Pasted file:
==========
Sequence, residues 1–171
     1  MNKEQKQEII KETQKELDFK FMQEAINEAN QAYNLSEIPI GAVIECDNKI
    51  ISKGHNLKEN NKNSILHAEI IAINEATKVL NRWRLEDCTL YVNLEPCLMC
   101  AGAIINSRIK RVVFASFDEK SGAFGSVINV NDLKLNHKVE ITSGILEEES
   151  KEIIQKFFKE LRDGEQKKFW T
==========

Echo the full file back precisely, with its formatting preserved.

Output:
Sequence, residues 1–171
     1  MNKEQKQEII KETQKELDFK FMQEAINEAN QAYNLSEIPI GAVIECDNKI
    51  ISKGHNLKEN NKNSILHAEI IAINEATKVL NRWRLEDCTL YVNLEPCLMC
   101  AGAIINSRIK RVVFASFDEK SGAFGSVINV NDLKLNHKVE ITSGILEEES
   151  KEIIQKFFKE LRDGEQKKFW T